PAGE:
Thursday, January 7, 2010

Recipe: Gingerbread Flan

This is a recipe of my own devising. I was first inspired by a guest post on The Pioneer Woman's blog - the post was for pumpkin leche flan. First I had to get ramekins, so I asked for some for Christmas (and got them, thanks to my family!). (Another food blogger inspired that request - I asked for the ones that Deb recommended.)

But now it's January, and I'm a little bit over pumpkin. Don't get me wrong - I'm still a fool for it, but I've had a goodly amount of it lately. I tried to think what might be wintery, but still good with the carmel that goes with flan, and decided that gingerbread flan sounded intruiging!

Ingredients, and recipe creation.

So, I searched for gingerbread flan recipes. I didn't get a lot of hits, but this one seemed to have a good spice mixture, so I cribbed that part of the recipe. Finally, I referenced the Joy of Cooking to get their take on flan, and to use for the carmel sauce when I realized I didn't have corn syrup and I wanted to get started. I also wanted to make a bit more filling and a bit more sauce, so I used the Joy of Cooking to help me scale the recipe up just a teeny bit. I also decided to use their slightly-lower-temp & longer-time baking instructions.

So here we go!  

Gingerbread flan

 - Set out 8 small (6-ounce) ramekins.
 - Put a full kettle of water on to boil (lower to a simmer if it's boiling before you need it)
 - Set out a roasting pan large enough to hold all the ramekins; line it with a towel.
 - Remove extra oven racks; leave one at the lowest level (I just moved my other rack to the top slot)
 - Preheat oven to 325.

For the sauce, which gets poured into the bottom of the ramekins:
1 c sugar
1/4 c + 1 T water

Combine the sugar & water in a small pot. Do not stir - turn the burner to medium high and swirl the ingredients occasionally. You want to make sure the water & sugar are mixed well before they start boiling. It will boil merrily along for at least 10-15 minutes (on my dinky stove, at least).

Look at that lovely color! 
I could have used a wet brush to moosh the sugar on the side back into the syrup.

Eventually it will turn golden in color - keep an eye on it, and when it's a nice amber tone, remove it from the heat and carefully pour it into the ramekins (have them on your stove or some other nearby and easy-to-clean surface). Let the carmel harden.

Ramekins with carmel.

While the sauce is boiling away, in a large bowl combine:
4 eggs
3 egg yolks
1 can (12 oz) evaporated milk
1 can (14 oz) sweetened condensed milk
1 tsp vanilla extract (I used my own!)

1 T molasses (I used blackstrap)
1 tsp cinnamon

1 tsp ground ginger
1/4 tsp ground cloves

You can use a whisk to start combining these ingredients, but I was most successful with my beloved immersion blender. Combine thoroughly, with a minimum of frothing. Then strain the ingredients at least 3 times, alternating between two bowls. You want to remove any bubbles or other lumps. (This technique is from the pumpkin leche flan recipe, and I don't know that it's strictly necessary, but I figured it couldn't hurt.)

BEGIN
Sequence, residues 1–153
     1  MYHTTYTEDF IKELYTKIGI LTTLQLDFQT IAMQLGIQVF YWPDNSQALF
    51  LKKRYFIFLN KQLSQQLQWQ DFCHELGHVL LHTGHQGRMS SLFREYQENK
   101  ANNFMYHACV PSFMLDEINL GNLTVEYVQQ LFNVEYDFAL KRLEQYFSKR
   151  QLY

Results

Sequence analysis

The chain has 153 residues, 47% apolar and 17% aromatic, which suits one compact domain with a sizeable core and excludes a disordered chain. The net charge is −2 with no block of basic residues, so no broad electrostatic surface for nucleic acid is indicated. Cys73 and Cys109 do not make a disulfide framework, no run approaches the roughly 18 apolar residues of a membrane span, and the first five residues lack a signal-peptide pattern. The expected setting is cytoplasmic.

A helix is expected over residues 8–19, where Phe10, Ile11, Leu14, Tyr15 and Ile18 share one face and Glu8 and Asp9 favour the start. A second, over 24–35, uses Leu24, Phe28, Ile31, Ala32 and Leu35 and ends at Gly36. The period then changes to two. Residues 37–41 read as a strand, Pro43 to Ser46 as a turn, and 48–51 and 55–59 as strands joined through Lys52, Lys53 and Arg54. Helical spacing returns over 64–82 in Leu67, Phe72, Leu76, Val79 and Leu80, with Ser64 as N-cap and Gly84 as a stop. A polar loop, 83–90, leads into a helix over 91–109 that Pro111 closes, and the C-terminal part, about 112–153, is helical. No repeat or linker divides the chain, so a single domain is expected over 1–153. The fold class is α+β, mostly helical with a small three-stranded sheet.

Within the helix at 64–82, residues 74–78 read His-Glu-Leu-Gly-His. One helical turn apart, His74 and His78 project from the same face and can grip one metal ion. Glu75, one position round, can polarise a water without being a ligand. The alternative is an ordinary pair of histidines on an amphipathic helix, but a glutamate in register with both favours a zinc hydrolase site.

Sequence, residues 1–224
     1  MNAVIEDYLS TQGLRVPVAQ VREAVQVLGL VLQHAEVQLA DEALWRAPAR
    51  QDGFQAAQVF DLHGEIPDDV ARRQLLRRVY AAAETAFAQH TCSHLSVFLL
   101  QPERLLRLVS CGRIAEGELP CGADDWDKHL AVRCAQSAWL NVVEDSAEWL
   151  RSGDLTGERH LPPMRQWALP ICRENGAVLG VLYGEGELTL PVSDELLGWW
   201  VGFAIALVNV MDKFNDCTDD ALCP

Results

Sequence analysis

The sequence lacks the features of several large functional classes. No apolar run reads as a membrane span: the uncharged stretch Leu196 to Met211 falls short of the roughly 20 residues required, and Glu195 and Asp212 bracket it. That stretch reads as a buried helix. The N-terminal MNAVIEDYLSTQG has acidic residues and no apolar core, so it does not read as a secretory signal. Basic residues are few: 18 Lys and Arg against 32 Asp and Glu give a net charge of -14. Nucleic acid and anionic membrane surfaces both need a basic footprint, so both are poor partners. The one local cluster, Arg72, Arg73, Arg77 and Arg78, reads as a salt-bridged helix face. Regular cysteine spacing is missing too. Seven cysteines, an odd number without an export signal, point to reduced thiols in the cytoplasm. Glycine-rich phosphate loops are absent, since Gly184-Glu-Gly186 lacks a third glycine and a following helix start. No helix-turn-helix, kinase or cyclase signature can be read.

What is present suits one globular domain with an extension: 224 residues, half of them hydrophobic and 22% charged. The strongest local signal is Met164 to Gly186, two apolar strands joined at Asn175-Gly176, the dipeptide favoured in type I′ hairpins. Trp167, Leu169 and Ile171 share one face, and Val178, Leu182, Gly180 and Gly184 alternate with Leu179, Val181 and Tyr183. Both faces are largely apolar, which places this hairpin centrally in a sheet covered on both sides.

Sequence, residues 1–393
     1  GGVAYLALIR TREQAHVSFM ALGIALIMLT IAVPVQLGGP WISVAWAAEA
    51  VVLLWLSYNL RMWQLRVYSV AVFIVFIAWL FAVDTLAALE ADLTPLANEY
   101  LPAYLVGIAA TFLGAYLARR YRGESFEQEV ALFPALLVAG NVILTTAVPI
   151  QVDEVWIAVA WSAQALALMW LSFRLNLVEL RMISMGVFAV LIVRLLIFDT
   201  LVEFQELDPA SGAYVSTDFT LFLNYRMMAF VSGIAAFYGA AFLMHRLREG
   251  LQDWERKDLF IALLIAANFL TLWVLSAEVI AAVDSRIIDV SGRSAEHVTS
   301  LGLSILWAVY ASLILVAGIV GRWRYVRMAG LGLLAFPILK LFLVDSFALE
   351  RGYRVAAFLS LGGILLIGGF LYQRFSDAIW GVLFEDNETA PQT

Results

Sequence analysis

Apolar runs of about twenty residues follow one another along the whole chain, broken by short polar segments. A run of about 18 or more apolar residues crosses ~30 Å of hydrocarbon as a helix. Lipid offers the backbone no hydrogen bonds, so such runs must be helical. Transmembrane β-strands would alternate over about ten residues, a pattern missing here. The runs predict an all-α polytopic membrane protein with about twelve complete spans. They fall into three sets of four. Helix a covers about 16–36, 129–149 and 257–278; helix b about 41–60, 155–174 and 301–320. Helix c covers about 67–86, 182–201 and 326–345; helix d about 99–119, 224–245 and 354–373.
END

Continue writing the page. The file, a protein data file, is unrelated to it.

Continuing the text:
Triple-filtered - because I am thorough, or gullible.

By now the carmel in the ramekins should be hardened. Carefully pour the liquid mixture into the ramekins, filling them most of the way but NOT to the top. (I noticed some cracking noises at about this point - I think the carmel was cracking. I don't know what to make of that, but I think it's okay.)

Cover each ramekin tightly with foil. Set them in the towel-lined roasting pan (I gather that the towel helps keep the contents from cooking too fast; I didn't have the nerve to skip that step!). Set the roasting pan in the oven and carefully pour the water from your kettle into the pan. Fill it with water so that the ramekins are half immersed.

Ready for the hot water, and then the oven.

Bake at 325 for 45-60 minutes, until they jiggle only slightly. They will be HOT - I used tongs to handle the ramekins. If you have canning equipment, jar tongs might work well.

Cool on a rack for a while, then in the fridge for 2-48 hours. Serve by inverting onto a plate - note that the idea is that the carmel topping will now be a bit saucy, so be sure to use a plate that has an edge, or you'll risk losing the sauce (and making a mess of your tablecloth).

I made a small sample ramekin for me to test later; the rest are for a dinner on Friday night. This is the first flan I ever made; it required concentration but didn't feel difficult in any way. Stay tuned for my review!


  1. that sounds awesome! i've made a fantastic chocolate flan before (from a rick bayless cookbook, maybe?), but i love the idea of gingerbread flan! isn't the partially-melted-still-partially-cruncy caramel on top divine? it's my favorite part.

  2. Meghan, I was so sad - most of the carmelized sugar stayed in the ramekin!

  3. oh no! i'll have to ask my mom what we do to make it come out. she has the cookbook at her house. i'll let you know!